Choose a topic from Part 2B:

60. Judgement

1. Judgment, as a term used in direct connection withjustice, means an authoritative statement of what is right. It isthe decision and pronouncement of a judge. Aristotle says(Ethic. v): "Men have recourse to the judge as to onewho is the personification of justice." Judgment itself is anact of justice.

2. As an act of justice, judgment is certainly lawful. Onemay lawfully exercise the office of judge, in civil matters or inprivate life, when (a) he follows justice; (b) and has authority;(c) and does his duty prudently. If a judgment fails of justice, itis unjust or perverted judgment. If it comes from one unauthorizedto hand it down, it is a judgment by usurpation. If it comes fromimprudence-by reason of dubious evidence, improper motive, etc.-itis called suspicion or rash judgment.

3. It is always wrong to base judgment on suspicions. St.John Chrysostom says (In Matt. 7:1) that our Lord ingiving the command, "Judge not," means particularly thatwe are to abstain from "condemning others on evidence whichfor the most part is mere suspicion."

4. A man does an injury to his neighbor by thinking ill ofhim without sure and evident reasons for the bad opinion. Hence, wemust judge a person good until he proves himself evil, and we mustinterpret what is doubtful about him in the most favorable way.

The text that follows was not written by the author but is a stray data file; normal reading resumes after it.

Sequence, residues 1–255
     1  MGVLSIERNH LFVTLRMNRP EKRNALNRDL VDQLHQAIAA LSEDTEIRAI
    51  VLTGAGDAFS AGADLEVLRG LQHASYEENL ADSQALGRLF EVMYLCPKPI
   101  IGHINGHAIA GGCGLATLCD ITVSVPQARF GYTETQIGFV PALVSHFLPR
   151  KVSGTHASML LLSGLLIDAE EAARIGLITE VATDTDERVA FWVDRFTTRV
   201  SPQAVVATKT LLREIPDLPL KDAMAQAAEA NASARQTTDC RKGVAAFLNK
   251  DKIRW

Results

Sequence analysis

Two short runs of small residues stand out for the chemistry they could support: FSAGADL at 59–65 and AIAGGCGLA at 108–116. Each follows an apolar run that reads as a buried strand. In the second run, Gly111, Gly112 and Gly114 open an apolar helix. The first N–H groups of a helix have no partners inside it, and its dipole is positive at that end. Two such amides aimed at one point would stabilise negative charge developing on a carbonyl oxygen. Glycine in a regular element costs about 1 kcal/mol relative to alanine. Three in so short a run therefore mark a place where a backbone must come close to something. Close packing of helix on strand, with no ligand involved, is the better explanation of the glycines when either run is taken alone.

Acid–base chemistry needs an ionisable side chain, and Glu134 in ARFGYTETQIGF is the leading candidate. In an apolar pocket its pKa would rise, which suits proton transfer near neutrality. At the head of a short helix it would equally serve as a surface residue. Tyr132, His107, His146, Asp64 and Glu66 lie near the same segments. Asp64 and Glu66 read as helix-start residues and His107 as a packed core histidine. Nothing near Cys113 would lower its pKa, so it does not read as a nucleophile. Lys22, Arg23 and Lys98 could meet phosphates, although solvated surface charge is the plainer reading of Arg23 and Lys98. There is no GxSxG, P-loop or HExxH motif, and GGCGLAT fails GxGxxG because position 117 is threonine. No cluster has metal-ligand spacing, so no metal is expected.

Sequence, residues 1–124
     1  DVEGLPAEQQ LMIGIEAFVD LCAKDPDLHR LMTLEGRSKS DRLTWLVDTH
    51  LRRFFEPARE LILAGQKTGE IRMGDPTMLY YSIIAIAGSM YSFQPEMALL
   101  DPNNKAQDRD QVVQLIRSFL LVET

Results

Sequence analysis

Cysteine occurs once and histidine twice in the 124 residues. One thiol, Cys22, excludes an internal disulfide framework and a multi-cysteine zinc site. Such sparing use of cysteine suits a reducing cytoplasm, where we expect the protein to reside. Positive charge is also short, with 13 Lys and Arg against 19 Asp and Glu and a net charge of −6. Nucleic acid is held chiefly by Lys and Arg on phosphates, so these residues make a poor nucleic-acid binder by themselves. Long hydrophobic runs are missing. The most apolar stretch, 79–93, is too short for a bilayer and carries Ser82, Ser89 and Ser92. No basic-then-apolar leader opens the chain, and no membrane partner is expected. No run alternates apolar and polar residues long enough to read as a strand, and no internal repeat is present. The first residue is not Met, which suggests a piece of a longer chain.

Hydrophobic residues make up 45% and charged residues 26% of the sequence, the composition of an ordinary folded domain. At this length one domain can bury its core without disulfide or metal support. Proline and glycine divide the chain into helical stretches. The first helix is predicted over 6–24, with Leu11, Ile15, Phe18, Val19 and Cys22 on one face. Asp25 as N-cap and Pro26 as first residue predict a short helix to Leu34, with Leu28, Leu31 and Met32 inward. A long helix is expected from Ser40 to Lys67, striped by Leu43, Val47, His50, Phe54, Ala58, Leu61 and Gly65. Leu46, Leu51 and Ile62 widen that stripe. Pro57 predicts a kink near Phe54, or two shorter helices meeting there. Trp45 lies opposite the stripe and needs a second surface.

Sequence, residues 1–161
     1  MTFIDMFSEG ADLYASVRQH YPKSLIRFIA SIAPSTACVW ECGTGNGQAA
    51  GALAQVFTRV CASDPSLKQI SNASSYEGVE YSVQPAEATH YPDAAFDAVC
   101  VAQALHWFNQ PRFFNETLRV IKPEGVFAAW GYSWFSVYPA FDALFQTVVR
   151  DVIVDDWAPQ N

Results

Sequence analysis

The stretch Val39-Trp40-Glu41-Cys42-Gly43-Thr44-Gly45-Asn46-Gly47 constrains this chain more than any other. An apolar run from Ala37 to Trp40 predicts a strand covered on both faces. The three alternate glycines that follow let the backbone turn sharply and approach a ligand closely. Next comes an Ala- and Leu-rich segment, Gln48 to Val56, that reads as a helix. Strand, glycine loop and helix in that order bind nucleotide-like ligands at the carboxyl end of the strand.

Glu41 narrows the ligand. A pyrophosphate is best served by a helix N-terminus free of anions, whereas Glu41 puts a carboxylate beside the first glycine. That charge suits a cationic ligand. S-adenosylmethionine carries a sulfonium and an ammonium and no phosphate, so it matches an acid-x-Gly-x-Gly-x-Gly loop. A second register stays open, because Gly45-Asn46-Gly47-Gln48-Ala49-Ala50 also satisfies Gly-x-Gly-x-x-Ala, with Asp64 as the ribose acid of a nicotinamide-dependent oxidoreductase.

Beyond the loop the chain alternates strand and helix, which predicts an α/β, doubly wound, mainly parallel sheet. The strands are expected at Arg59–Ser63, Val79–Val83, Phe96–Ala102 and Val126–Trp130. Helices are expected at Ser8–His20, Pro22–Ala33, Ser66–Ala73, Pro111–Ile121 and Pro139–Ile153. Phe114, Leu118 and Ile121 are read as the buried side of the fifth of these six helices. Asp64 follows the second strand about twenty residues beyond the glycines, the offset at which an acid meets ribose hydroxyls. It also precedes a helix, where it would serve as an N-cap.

5. A thing is right, either by its nature or bythe agreement of men expressed in human laws. In the first case, itis of natural right; in the second case, it is ofpositive right. True laws express and establish positiveright. Hence, a judge, in matters of positive law, must makejudgment according to that law.

6. A judgment by usurpation, because of the very fact thatit is unauthorized, is a perverse and unjust judgment.

"It is vanity to love what passes quickly and not to look ahead where eternal joy abides. "
Thomas á Kempis

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"A tree that is cultivated and guarded through the care of its owner produces its fruit at the expected time. "
St John of the Cross, OCD - Doctor of the Church

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"Shun too great a desire for knowledge, for in it there is much fretting and delusion. Intellectuals like to appear learned and to be called wise. Yet there are many things the knowledge of which does little or no good to the soul, and he who concerns himself about other things than those which lead to salvation is very unwise. "
Thomas á Kempis

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